Estate planning, when done right, involves so much more than simply executing a Last Will and Testament that directs the disposition of your estate assets when you are gone. A well thought out estate plan can include a variety of additional components, such as incapacity planning, tax and probate avoidance, and Medicaid planning, just to name a few. One of the most common estate planning tools used to accomplish these additional goals is a trust. If you have never established a trust before, you may not know what all is involved in creating a trust agreement. Of course, it is in your best interest to work closely with an experienced Illinois estate planning attorney when you create your trust to ensure that it is drafted properly and that it will accomplish the intended goals. There are, however, some common tips for setting up a trust that you may find helpful as well.
Trust Basics – What Is a Trust?
If helps to have a basic idea what a trust is and how one works before discussing tips for setting up a trust. A trust is a relationship whereby property is held by one party for the benefit of another. A trust is created by a Settlor, who transfers property to a Trustee. The Trustee holds that property for the trust’s beneficiaries. The beneficiaries of a trust may be individuals, entities, or even family pets. A trust may also have both current and future beneficiaries.
Setting Up a Trust – Do’s and Don’ts
- Do define your trust purpose as narrowly as possible. The more specific and narrow you are able to define your trust purpose, the better your odds are of creating a successful trust because when it comes to trusts, the trust terms go a long way toward determining the success, or failure, of the trust. The more clearly you define your trust purpose, the more clearly your trust terms will be.
- Do choose the right type of trust. Once your trust purpose has been defined, you can start deciding which type of trust will best serve that purpose. For example, if your trust purpose is to ensure that your spouse has control of your assets in the event of your incapacity, a revocable living trust is probably your best choice. On the other hand, if your trust purpose is to shield your assets then you must use an irrevocable trust. Finally, if you do not plan to activate the trust during your lifetime, a testamentary trust may be your best choice whereas if you plan to put the trust to use while you are alive you will need a living trust.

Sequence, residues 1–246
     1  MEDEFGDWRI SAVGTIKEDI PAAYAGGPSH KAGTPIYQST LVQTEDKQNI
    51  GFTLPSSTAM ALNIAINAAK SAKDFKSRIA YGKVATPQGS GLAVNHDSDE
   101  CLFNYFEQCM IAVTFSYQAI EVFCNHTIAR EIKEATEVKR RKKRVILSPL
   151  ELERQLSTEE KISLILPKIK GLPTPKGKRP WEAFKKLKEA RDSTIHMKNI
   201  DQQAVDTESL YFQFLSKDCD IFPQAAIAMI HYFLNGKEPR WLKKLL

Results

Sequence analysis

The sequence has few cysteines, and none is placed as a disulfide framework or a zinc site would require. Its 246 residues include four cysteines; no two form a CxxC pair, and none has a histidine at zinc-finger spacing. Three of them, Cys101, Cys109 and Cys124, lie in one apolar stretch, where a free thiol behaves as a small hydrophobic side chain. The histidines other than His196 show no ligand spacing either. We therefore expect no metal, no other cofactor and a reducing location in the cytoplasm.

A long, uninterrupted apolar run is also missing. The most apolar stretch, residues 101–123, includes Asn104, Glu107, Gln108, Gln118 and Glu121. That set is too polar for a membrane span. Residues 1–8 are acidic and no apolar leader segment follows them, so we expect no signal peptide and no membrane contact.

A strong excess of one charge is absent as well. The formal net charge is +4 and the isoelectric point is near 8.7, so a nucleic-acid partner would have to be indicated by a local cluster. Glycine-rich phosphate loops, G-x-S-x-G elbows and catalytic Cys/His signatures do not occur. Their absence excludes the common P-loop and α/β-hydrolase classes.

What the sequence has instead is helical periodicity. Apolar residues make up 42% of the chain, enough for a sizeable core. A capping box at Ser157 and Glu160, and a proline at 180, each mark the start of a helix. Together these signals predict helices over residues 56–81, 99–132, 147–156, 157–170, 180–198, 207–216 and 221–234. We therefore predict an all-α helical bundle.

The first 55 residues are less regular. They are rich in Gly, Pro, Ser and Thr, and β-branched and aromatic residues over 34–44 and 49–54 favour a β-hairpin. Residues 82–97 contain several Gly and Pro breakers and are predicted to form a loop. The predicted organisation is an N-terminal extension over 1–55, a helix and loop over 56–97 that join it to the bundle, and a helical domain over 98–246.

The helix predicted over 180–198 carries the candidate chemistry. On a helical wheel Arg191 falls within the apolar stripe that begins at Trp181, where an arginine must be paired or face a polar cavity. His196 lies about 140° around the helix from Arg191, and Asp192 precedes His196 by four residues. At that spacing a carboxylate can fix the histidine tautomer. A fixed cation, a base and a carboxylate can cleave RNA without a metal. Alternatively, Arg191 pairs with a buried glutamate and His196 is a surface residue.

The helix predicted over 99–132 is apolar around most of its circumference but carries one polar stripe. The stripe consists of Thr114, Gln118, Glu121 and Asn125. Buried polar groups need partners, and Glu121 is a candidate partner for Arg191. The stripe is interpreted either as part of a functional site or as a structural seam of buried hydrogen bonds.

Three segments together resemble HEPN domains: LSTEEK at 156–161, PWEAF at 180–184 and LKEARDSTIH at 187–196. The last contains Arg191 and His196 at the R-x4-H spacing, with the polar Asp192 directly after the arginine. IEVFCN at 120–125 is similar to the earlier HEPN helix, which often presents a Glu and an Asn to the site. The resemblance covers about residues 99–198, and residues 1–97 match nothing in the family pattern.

- Don’t appoint a spouse/family member/friend as your Trustee unless they are truly qualified. One of the most common, and costly, mistakes people make when setting up a trust is to simply appoint a spouse, family member, or close friend based solely on convenience and the fact that they “trust” the individual. Trusting your Trustee is, indeed, important; however, the wide variety of duties and responsibilities your Trustee will make is crucial for you to pick someone with the experience and skills required to successfully perform the job of Trustee. If, after careful contemplation, you decide that your spouse/family member/friend is actually qualified to be the Trustee it is certainly acceptable to appoint him/her. Just make sure you think it through first.
- Don’t forget to appoint a successor Trustee. A trust cannot operate without a Trustee; yet, people frequently forget to appoint a successor Trustee or add terms that provide for the manner in which one can be appointed if needed. If the original Trustee is unable, or unwilling, to serve, the trust ends up in court because of the lack of a Trustee. The simple way to avoid this happening to your trust is to appoint a successor Trustee and include a provision with instructions on how a successor may be selected if needed.
- Do consider providing your Trustee with some degree of discretion. As the Settlor of the trust, you decide how much, if any, discretion your Trustee will have with regard to disbursements and other trust business. Although your trust terms will govern the trust business, it is virtually impossible to include a term that will cover every possible contingency and circumstance. Giving your Trustee discretionary powers allows the trust to continue operating when issues arise that are not covered by the trust terms, instead of the trust landing in court every time something comes up. If you chose the right Trustee, giving him/her some discretion should not be too much of a risk.
If you have additional questions or concerns regarding setting up a trust, contact the experienced Illinois estate planning attorneys at Hedecker Law, Ltd. by calling (847) 913-5415 to schedule an appointment.